I Voted For Collective Bargaining Reform to Save Iowa’s Schools

By Ken Rizer

State Representative Ken Rizer (R-Marion) during floor debate.
Photo credit: Iowa House Republicans

After three days of intense debate, on Thursday I was proud to vote for public sector collective bargaining reform. I voted for this bill for one overriding reason: to save Iowa’s public schools.

Iowa’s collective bargaining law has hurt our schools. Since passage in the early 1970′s, this law’s lack of teeth regarding arbitration has forced school districts to accept annual collective bargaining settlements well above what the districts received in revenue. Whether the state increased K-12 funding annually by 1%, 2%, 4% or even 6% didn’t matter, as the structure of Iowa’s law ensured that settlement amounts were greater than the districts took in. Given that 80-85% of a school district’s expenses are in that collective bargaining agreement, this was simply unsustainable.

As an example, the four school districts I represent (Marion, Linn-Mar, Cedar Rapids, College Community) have received revenue increases the past 2 years of 2.25% and 1.25%, well above the inflation rate and in line with the average .5% annual increase above inflation that our districts have gotten since the early 70′s. Yet all four of those districts had collectively bargained annual increases of approximately 3.5%. No organization, whether an Iowa family, a non-profit, a private company or a school district can survive by perennially increasing expenses by 1%-2.25% beyond revenue. So how did these districts manage, given that expenses were increasing beyond revenue? They did so by firing new teachers, cutting programs, slowing hiring, and taking other actions to afford the settlements. The results were larger classroom sizes, fewer educational options for our kids, and stressed-out teachers.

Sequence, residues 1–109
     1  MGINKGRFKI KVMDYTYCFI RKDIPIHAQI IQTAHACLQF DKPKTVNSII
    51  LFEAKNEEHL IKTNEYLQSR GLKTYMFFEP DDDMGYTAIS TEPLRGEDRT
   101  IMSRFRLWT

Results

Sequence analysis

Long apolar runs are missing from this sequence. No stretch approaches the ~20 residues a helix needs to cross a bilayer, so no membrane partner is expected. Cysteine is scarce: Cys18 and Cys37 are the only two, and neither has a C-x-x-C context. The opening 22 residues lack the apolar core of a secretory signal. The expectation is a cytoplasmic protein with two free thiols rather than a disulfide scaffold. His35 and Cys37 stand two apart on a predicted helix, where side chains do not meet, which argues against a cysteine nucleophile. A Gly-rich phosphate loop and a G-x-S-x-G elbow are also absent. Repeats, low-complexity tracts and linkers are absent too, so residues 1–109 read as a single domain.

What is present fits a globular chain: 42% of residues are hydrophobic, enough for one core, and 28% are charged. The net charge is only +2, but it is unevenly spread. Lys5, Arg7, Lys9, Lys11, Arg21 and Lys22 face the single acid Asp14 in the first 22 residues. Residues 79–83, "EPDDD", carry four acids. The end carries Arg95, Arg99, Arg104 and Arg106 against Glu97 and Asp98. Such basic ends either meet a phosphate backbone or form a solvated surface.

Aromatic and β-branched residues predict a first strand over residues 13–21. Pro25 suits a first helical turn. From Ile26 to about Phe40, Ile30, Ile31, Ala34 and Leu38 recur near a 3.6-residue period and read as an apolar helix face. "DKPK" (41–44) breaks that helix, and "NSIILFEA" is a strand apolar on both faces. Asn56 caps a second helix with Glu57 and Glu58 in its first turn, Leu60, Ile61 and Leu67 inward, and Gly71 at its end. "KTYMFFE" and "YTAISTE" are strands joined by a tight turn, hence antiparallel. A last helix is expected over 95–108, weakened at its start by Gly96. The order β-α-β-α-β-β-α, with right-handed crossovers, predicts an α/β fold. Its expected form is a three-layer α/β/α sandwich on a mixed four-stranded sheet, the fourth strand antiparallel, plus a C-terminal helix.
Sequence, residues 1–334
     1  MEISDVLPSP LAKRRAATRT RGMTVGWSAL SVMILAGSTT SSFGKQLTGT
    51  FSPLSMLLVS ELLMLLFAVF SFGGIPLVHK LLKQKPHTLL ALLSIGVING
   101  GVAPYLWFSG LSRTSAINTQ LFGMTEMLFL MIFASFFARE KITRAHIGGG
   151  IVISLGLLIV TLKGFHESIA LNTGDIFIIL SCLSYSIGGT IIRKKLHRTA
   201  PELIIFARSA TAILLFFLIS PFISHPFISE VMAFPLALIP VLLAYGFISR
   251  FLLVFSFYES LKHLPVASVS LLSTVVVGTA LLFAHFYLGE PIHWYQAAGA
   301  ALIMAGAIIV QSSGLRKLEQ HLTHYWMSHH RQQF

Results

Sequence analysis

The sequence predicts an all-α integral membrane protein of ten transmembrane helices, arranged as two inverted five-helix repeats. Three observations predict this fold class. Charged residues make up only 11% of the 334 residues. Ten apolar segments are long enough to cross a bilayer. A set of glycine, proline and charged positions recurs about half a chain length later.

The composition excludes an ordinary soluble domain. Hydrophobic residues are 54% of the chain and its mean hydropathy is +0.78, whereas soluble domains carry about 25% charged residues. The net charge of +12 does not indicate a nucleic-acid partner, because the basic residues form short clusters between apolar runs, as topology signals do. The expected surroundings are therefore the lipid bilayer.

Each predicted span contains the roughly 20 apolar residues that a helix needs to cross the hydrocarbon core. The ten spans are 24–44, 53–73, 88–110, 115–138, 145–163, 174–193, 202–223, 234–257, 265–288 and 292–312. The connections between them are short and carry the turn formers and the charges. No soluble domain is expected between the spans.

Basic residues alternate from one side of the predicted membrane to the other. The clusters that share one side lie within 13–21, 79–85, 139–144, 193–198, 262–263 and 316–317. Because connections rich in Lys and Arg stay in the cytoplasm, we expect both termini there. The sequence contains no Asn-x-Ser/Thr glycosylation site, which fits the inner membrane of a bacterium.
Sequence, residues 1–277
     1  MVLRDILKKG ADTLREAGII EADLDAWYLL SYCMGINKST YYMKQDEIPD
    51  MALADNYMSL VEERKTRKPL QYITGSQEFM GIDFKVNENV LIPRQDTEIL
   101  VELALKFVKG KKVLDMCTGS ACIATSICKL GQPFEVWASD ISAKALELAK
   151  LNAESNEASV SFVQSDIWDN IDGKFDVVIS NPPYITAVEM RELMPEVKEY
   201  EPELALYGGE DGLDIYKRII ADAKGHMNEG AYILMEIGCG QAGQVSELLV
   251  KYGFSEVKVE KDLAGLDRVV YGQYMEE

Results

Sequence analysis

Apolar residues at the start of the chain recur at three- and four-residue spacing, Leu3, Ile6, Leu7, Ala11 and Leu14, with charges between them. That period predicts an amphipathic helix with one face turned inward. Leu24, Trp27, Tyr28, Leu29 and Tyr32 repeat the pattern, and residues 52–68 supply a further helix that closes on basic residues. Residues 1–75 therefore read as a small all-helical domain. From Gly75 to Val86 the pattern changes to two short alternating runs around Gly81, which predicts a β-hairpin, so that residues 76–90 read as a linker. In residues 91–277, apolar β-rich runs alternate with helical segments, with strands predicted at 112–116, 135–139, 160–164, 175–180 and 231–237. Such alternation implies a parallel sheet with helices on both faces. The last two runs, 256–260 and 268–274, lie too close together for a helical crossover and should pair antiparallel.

I don’t blame anyone or any group for this unsustainable circumstance. Union bosses are doing what union bosses do, looking out for their members. Superintendents are doing what superintendents do, …read more

Source: Caffeinated Thoughts Education